Saturday 14th to Sunday 15th August: Dominic gets Company
Obviously, nowhere in Poole would they guarantee that Dominic could moor Idun on Saturday; ‘come around 11am and we’ll see what we can do’. So he did, and got the perfect 4hr slot in Poole Yacht Haven. So he scrubbed the decks, indoors was already cleaned to a T, shopped for provisions and did the laundry; he was all ready for his sister’s arrival. Only one tiny snag – the mobile rang “Eh, which side of the station are you on?” – he forgot to pick her up from the station!
They anchored in Studland Bay for the night, sitting outside in the low sunshine. Nice to have company!
Mattie was keen on a few sails, and the first was Studland Bay to Isle of Wight. A good breeze and tide from behind had them zooming past the Needles in no time, having crossed the bay from Studland.
The Needles, the 30-metre high chalk and flint stacks off the most westerly point of the Isle of Wight, are surely one of Britain’s most recognisable coastal features. They are an exposed eroded section of a folded east-west band of chalk running through the Island, the remains of which continue under the sea toward the Dorset coast. There’s a gap where there was once a fourth stack, the most needle-like of them all, a 36.6 metre pinnacle known as ‘Lot’s Wife’. A massive storm in 1764 was its undoing, and the collapse is said to have been heard and felt as far as Portsmouth 20 miles away.
It’s more than advisable to read your charts carefully around the Needles as shipwrecks abound. One of the more famous ones being the Greek cargo ship Varvassi. She ran aground with a cargo of iron ore, wine and tangerines in January 1947; fortunately, all the crew as well as the ship’s cat were rescued. And for a while afterwards barrels of wine and tangerines were finding their way around the Solent, ripe for the taking!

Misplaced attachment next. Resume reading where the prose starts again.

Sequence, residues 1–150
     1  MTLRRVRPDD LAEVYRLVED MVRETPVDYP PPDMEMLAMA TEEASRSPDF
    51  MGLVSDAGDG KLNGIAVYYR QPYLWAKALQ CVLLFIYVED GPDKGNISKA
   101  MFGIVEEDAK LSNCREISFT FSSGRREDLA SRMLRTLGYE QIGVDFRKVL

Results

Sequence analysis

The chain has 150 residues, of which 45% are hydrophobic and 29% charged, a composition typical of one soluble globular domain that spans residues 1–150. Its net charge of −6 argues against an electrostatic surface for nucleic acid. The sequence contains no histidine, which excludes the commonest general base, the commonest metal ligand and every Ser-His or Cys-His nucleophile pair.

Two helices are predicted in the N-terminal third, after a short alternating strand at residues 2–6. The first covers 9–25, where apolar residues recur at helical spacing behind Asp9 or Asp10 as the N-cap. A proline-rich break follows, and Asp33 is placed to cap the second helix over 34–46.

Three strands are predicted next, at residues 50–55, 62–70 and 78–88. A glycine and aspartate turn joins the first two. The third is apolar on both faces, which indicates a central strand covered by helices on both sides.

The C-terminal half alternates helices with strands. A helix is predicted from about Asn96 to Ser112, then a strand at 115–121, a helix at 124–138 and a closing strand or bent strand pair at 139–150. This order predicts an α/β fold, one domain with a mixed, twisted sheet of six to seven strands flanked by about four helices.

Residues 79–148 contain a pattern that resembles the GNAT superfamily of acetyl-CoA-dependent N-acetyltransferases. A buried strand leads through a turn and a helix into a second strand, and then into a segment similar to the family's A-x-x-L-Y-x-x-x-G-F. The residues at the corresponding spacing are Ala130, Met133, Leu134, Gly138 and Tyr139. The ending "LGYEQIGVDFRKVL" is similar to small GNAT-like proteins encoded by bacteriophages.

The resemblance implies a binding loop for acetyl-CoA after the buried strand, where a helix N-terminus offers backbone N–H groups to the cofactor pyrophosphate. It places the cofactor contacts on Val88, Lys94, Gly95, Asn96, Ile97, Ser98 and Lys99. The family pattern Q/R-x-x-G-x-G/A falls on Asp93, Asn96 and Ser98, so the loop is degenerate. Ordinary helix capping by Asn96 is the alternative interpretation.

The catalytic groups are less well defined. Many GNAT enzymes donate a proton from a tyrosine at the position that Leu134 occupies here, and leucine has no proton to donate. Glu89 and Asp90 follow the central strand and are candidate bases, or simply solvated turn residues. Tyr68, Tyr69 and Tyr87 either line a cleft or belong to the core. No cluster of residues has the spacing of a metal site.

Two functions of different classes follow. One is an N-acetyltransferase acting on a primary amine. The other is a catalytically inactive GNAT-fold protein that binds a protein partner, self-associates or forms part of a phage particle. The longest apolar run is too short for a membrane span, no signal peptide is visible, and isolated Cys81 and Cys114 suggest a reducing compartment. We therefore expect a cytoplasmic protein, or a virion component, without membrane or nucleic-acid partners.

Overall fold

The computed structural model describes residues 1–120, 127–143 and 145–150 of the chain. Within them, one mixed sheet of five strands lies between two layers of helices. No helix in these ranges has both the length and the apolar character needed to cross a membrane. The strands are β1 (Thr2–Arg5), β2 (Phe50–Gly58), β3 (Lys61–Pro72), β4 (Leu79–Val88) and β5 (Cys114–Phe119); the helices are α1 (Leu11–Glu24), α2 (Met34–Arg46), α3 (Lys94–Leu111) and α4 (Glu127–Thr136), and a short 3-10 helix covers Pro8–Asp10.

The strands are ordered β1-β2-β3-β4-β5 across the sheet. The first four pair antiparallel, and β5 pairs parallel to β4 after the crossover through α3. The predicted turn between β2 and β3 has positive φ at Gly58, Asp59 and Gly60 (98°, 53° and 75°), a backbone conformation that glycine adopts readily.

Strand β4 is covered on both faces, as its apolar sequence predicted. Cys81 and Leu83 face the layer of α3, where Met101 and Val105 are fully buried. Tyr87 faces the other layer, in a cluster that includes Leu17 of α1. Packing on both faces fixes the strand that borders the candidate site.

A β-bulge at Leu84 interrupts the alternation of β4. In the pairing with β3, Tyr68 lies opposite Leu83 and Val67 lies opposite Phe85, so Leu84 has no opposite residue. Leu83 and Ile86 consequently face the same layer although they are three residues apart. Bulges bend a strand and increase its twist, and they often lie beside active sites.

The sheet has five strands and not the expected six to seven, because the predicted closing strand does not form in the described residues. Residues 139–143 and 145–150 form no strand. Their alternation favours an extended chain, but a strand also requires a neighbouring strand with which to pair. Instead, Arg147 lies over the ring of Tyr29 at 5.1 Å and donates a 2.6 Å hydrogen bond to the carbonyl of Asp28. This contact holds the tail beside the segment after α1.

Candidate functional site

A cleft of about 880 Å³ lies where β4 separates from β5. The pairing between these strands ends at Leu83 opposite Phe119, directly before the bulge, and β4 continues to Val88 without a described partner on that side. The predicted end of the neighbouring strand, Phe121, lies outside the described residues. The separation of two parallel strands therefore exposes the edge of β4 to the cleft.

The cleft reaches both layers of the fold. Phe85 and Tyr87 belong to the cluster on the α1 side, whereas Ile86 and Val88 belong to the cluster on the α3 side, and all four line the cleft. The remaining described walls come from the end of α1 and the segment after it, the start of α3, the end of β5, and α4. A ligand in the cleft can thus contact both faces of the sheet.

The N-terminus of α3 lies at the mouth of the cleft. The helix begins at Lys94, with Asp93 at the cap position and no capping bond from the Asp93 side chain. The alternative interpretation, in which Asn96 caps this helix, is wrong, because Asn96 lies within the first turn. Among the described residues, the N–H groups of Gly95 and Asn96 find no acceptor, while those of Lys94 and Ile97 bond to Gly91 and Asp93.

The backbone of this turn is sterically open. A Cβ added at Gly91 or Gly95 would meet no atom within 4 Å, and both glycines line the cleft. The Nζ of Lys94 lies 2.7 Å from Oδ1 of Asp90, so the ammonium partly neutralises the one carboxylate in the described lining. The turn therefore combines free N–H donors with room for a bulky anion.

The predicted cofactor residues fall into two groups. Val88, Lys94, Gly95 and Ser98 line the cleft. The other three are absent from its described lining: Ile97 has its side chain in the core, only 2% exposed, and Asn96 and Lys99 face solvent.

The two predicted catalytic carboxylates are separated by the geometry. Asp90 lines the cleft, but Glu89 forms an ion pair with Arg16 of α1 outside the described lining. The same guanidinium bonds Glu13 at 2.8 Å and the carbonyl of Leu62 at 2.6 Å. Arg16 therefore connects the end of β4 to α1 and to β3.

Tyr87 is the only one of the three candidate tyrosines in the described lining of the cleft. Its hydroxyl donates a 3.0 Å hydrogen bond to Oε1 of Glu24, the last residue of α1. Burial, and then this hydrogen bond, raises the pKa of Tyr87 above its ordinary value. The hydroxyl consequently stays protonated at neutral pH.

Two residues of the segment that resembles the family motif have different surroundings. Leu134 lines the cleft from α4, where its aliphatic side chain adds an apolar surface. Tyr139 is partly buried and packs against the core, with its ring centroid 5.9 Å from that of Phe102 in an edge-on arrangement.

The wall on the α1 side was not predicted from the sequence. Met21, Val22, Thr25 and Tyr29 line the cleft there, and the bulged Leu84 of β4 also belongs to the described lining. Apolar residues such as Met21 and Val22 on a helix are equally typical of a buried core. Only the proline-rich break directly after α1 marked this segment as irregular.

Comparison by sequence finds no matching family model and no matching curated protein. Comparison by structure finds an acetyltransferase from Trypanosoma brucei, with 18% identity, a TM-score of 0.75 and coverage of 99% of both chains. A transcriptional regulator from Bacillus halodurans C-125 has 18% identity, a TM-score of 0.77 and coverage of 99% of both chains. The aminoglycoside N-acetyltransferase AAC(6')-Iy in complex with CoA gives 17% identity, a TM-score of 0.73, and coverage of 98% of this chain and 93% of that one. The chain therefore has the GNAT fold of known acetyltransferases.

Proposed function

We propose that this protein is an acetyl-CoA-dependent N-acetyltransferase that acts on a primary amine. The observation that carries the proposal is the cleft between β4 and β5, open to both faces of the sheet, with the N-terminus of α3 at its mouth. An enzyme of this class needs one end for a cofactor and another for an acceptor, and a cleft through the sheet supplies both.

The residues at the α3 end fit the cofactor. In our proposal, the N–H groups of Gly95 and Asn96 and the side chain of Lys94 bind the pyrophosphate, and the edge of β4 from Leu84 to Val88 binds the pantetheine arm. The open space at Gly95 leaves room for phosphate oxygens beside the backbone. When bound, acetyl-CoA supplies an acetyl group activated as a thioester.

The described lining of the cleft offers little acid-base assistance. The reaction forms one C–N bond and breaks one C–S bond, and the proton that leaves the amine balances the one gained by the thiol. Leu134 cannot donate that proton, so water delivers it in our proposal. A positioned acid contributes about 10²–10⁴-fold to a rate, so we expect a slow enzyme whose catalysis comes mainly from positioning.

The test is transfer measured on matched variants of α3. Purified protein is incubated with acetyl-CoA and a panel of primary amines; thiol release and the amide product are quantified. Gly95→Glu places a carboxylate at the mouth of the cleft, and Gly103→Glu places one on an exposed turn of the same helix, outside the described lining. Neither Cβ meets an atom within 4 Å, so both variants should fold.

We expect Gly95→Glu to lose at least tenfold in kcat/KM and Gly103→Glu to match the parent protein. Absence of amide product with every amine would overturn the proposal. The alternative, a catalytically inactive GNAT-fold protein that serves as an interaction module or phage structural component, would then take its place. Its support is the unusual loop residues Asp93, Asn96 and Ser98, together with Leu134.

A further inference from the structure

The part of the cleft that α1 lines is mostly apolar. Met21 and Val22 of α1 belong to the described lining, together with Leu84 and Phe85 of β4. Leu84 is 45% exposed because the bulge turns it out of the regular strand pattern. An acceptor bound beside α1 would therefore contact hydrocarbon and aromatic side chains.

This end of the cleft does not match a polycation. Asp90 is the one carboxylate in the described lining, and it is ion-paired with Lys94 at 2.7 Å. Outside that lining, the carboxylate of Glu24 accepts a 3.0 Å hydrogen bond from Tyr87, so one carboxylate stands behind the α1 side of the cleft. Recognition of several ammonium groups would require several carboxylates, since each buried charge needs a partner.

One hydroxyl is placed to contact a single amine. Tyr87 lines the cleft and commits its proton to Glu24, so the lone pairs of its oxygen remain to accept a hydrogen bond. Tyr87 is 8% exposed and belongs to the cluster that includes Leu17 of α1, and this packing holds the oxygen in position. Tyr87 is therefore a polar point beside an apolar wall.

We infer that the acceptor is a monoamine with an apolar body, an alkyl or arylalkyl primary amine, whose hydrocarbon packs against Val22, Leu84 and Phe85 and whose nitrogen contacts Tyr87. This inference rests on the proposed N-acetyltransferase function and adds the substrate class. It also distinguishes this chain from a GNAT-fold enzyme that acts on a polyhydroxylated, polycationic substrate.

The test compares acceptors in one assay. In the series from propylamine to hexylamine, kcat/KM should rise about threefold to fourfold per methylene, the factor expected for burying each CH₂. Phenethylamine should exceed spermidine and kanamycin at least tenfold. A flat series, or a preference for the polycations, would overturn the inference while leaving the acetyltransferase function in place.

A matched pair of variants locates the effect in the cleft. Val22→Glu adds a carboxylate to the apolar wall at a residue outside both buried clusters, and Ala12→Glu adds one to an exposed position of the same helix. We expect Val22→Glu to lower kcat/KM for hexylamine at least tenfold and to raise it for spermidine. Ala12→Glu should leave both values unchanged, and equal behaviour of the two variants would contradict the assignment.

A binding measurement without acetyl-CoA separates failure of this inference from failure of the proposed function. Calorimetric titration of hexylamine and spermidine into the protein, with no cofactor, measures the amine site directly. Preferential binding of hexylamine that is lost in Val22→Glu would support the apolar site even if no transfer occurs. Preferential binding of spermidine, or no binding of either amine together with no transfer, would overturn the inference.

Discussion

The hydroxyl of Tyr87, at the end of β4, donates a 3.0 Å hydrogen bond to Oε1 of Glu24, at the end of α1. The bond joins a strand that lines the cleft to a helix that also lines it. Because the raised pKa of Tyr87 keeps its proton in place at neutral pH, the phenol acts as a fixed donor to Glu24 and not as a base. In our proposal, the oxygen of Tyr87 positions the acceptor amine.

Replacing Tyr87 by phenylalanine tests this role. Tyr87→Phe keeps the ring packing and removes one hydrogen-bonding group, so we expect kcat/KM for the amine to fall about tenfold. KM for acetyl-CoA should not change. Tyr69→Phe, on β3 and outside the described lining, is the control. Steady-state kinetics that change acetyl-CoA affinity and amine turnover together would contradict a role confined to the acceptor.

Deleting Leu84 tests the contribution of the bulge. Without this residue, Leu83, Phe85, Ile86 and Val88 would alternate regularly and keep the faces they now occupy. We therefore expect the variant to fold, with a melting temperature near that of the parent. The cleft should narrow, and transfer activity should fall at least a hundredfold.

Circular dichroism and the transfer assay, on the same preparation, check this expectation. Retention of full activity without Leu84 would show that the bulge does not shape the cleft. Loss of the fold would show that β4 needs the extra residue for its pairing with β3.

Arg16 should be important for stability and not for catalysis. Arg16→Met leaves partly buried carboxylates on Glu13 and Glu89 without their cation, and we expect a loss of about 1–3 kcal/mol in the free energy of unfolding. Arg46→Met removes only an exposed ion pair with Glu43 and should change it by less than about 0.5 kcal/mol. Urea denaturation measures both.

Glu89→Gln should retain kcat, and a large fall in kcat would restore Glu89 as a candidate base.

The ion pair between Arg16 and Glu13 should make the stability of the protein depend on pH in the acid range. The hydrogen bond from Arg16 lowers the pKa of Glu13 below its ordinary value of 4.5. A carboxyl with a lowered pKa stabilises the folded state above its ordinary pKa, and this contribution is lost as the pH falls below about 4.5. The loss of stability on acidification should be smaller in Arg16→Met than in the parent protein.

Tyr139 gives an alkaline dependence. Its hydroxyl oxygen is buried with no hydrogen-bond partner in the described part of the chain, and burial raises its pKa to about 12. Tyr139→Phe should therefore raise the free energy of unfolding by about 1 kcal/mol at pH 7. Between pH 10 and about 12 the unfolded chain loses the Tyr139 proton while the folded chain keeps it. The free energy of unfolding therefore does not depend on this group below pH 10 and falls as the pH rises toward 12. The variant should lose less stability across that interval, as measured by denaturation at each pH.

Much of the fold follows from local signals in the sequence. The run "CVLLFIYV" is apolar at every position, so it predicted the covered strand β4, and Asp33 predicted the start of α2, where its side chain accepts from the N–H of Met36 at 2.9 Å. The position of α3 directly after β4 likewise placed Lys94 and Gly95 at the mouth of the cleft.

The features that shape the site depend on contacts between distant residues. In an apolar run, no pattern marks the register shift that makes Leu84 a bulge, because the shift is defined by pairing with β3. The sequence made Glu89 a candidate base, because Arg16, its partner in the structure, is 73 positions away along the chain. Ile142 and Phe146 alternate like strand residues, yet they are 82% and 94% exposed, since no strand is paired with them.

The anchorage for the night was by Newtown, where Idun has been before. Unfortunately due to wind and tide being opposite it was a bouncy night and Mattie was feeling queezy for a few hours and was forced to take Stugeron. Despite this they played Scrabble and Dominic was very pleased to win the evening’s game – quite a feat to beat Mattie at Scrabble!
Distance 22.1 NM, underway 2 hrs 53 mins, average speed 7.6 knots, max speed 10.8 knots
Monday 16th – Thursday 19th August: Birgitta Back on Board and Walking on the Beach
Monday’s sail was supposed to be a fast and efficient passage to Gosport, and they had expected to be well in time for my arrival. As it turned out the wind had now disappeared off somewhere else, and Dominic and Mattie tied up at Haslar Marina just as I walked up the pontoon after the taxi, train, tube, train, ferry journey south. We had a lovely, long and sunny evening meal in a restaurant sitting outside just below the Spinnaker Tower in Portsmouth. And Mattie and Birgitta managed to finish that bottle, despite Dominic’s doubts!
Distance 14.4 NM, underway 2 hrs 34 mins, average speed 5.6 knots, max speed 8.6 knots
It was very nice to be back on Idun. I had had a really nice time at home, and a much longed for trip to Sweden to stay with my mum for a week. I also managed a catch-up with one of my brothers at the airport. But with the added stress of tests, forms, rules and crowds, travelling in Covid-times is most definitely not pleasant.
Every time I go home, as in ‘where I grew up in Sweden home’, I wonder why on earth I do not live here? I definitely didn’t appreciate the beauty and calm at the time.
The next day we sailed over to one of our favourite spots in Chichester harbour. It was a gentle passage with the wind. ‘Our’ place by Pilsey Island was full of boats, so we ended up anchoring slightly further up the channel on the East side. It was too grey for our customary wonderful sunsets. Hmmm…. The next morning we moved over to West Wittering beach so we could take a walk up to East Head and beyond.
As we were boarding the RIB to get to the beach, a neighbouring boat shouted at us to say we were dragging our anchor! So we quickly got back on the boat to check. As it turned out, it only appeared so (ie the boat was swinging round). The interesting reason being that, due to the strong tide and our clinging on to the RIB alongside the swim platform at the back, it had the effect of driving the stern of the boat through the water. By the time we’d all got into the RIB we were 70 meters from the other (concerned) boat rather than the original 30. Nice of them to warn us though!
Safely on the beach we set off out on the sands, and what a wonderful walk it was! It was low tide, so the beach extended right out into the middle of the natural harbour area. We walked for hours; miles and miles of sand and mud, rippled by the receding water.